The temporal profile of activity-dependent presynaptic phospho-signalling reveals long-lasting patterns of poststimulus regulation

Engholm-Keller, Kasper, Waardenberg, Ashley J., Müller, Johannes A., Wark, Jesse R., Fernando, Rowena N., Arthur, Jonathan W., Robinson, Phillip J., Dietrich, Dirk, Schoch, Susanne, Graham, Mark E., UNSPECIFIED, and UNSPECIFIED (2019) The temporal profile of activity-dependent presynaptic phospho-signalling reveals long-lasting patterns of poststimulus regulation. PLoS Biology, 17 (3). e3000170. (In Press)

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Abstract

Depolarization of presynaptic terminals stimulates calcium influx, which evokes neurotransmitter release and activates phosphorylation-based signalling. Here, we present the first global temporal profile of presynaptic activity-dependent phospho-signalling, which includes two KCl stimulation levels and analysis of the poststimulus period. We profiled 1,917 regulated phosphopeptides and bioinformatically identified six temporal patterns of co-regulated proteins. The presynaptic proteins with large changes in phospho-status were again prominently regulated in the analysis of 7,070 activity-dependent phosphopeptides from KCl-stimulated cultured hippocampal neurons. Active zone scaffold proteins showed a high level of activity-dependent phospho-regulation that far exceeded the response from postsynaptic density scaffold proteins. Accordingly, bassoon was identified as the major target of neuronal phospho-signalling. We developed a probabilistic computational method, KinSwing, which matched protein kinase substrate motifs to regulated phosphorylation sites to reveal underlying protein kinase activity. This approach allowed us to link protein kinases to profiles of co-regulated presynaptic protein networks. Ca2+- and calmodulin-dependent protein kinase IIα (CaMKIIα) responded rapidly, scaled with stimulus strength, and had long-lasting activity. Mitogen-activated protein kinase (MAPK)/extracellular signal–regulated kinase (ERK) was the main protein kinase predicted to control a distinct and significant pattern of poststimulus up-regulation of phosphorylation. This work provides a unique resource of activity-dependent phosphorylation sites of synaptosomes and neurons, the vast majority of which have not been investigated with regard to their functional impact. This resource will enable detailed characterization of the phospho-regulated mechanisms impacting the plasticity of neurotransmitter release.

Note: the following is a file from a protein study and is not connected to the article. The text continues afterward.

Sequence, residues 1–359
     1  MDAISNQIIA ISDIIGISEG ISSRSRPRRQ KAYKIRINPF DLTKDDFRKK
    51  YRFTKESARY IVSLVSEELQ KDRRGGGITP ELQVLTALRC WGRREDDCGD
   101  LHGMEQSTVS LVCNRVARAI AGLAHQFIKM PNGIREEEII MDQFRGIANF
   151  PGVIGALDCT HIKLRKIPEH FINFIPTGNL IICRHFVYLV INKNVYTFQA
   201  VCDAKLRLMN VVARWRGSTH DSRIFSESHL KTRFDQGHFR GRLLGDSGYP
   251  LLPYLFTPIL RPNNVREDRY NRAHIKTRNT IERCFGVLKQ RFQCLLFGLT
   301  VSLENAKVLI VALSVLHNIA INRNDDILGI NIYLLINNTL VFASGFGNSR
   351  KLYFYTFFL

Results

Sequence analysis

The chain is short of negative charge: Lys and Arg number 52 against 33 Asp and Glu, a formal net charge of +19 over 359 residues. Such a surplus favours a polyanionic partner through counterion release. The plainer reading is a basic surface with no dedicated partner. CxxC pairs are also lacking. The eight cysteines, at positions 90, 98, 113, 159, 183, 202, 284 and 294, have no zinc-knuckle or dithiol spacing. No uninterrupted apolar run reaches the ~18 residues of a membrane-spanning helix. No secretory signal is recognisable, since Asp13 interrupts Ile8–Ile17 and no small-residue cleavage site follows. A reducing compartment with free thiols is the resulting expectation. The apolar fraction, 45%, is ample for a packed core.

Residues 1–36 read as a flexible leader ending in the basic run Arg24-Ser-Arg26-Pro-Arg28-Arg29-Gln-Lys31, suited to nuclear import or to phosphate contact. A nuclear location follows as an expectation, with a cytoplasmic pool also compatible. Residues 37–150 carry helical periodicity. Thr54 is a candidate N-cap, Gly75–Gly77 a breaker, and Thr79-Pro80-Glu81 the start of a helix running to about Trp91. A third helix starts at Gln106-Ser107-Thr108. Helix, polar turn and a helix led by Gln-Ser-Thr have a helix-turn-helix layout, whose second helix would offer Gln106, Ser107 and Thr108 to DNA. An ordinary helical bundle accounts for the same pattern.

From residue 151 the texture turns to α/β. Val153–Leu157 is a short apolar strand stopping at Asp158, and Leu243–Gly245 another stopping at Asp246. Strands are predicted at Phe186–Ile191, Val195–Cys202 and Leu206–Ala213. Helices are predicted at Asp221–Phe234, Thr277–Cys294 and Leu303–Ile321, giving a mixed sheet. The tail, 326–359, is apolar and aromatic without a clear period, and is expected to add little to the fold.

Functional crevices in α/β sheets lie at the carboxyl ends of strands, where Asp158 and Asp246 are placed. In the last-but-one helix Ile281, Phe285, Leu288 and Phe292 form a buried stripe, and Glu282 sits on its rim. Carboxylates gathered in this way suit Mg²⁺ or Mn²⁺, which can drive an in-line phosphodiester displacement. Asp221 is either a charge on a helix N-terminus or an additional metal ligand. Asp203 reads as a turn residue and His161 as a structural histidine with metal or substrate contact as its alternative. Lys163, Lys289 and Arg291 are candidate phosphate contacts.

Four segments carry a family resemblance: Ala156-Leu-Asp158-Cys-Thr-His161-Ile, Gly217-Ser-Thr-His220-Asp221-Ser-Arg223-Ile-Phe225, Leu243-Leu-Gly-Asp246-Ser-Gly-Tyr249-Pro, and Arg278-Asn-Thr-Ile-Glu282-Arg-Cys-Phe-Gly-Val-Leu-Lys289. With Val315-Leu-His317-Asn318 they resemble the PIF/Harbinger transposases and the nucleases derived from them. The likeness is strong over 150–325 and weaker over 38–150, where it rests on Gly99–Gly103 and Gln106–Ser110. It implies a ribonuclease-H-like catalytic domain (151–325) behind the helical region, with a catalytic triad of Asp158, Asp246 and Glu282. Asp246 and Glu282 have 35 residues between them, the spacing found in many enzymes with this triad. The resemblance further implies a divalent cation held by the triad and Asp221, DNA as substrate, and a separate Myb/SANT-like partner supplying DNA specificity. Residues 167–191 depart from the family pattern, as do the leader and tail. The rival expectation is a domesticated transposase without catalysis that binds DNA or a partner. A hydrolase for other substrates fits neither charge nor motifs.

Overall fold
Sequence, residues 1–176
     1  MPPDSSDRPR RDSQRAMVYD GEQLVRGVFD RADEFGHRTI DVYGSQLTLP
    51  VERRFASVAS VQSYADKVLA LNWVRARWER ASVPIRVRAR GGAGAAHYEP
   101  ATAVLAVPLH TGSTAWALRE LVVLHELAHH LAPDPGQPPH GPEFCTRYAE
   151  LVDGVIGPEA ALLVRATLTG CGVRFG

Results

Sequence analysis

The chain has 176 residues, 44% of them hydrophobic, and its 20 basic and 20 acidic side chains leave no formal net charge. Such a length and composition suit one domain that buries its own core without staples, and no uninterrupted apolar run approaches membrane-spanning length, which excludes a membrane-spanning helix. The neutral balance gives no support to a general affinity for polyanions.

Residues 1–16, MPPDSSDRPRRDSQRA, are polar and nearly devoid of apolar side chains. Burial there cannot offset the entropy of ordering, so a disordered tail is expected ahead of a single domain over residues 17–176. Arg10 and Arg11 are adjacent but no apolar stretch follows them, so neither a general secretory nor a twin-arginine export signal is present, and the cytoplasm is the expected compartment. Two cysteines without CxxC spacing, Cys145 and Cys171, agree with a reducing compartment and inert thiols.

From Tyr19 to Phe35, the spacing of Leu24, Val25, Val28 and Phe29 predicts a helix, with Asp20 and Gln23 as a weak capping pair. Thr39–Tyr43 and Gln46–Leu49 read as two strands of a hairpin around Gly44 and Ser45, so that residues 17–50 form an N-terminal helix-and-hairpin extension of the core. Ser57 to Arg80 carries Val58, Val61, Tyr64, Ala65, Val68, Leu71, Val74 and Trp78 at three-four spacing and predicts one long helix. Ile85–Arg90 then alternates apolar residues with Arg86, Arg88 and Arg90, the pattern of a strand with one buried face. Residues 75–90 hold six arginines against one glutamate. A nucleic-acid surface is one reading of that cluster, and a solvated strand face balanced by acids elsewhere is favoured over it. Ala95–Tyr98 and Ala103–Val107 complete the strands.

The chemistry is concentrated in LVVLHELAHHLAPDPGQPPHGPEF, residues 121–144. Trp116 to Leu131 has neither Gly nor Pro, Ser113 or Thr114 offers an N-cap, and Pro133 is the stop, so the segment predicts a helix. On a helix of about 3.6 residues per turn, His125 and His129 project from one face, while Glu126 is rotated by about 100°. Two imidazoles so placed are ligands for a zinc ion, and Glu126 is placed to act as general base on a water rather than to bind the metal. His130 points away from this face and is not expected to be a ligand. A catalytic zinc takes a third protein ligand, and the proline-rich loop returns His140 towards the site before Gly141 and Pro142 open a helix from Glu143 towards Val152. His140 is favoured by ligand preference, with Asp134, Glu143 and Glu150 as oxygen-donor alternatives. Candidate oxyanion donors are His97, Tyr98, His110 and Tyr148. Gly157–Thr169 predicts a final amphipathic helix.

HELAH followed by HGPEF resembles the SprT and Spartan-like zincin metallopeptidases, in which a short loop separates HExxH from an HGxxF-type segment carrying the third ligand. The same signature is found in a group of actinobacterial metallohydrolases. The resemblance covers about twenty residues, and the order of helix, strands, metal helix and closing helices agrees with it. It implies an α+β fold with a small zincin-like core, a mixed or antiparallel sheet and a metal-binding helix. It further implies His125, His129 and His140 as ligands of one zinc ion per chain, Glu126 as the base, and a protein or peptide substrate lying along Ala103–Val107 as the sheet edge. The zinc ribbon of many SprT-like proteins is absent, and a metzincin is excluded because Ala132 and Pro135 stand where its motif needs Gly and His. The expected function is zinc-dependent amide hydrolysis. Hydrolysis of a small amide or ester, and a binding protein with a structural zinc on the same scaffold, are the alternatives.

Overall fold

Item ID: 57389
Item Type: Article (Research - C1)
ISSN: 1545-7885
Keywords: neuroscience, synaptic plasticity, kinase activity prediction, kinswing, phosphoproteomics
Copyright Information: Copyright © 2019 Engholm-Keller et al. This is an open access article distributed under the terms of the Creative Commons Attribution License, which permits unrestricted use, distribution, and reproduction in any medium, provided the original author and source are credited.
Funders: Lundbeck Foundation (LF), Danish Council for Independent Research (DCIR), FP7 Marie Curie Actions – COFUND, Carlsberg Foundation (CF), National Health and Medical Research Council (NHMRC), Brain Foundation (BF), Australian Cancer Research Foundation (ACRF), Cancer Institute New South Wales, Zero Childhood Cancer, Ramaciotti Foundation (RF), Honda Foundation, Bruce Wall Estate, German Research Council (GRC), BONFOR, Rebecca L Cooper Medical Research Foundation
Projects and Grants: LF R83-2011-8143, FP7 Marie Curie Actions – COFUND DFF – 1325-00154, CF CF15-1056, CF CF16-0066, NHMRC 1079160, NHMRC 1077989, NHMRC 1052494, NHMRC 571070, GRC DFG, GRC SFB1089, GRC SPP1757, GRC SCHO 820/6-1, GRC SCHO 820/4-1, GRC DI853/3-2, GRC DI853/7-1
Date Deposited: 12 Mar 2019 02:27
FoR Codes: 11 MEDICAL AND HEALTH SCIENCES > 1109 Neurosciences > 110999 Neurosciences not elsewhere classified @ 35%
06 BIOLOGICAL SCIENCES > 0601 Biochemistry and Cell Biology > 060102 Bioinformatics @ 30%
06 BIOLOGICAL SCIENCES > 0601 Biochemistry and Cell Biology > 060109 Proteomics and Intermolecular Interactions (excl Medical Proteomics) @ 35%
SEO Codes: 97 EXPANDING KNOWLEDGE > 970106 Expanding Knowledge in the Biological Sciences @ 100%
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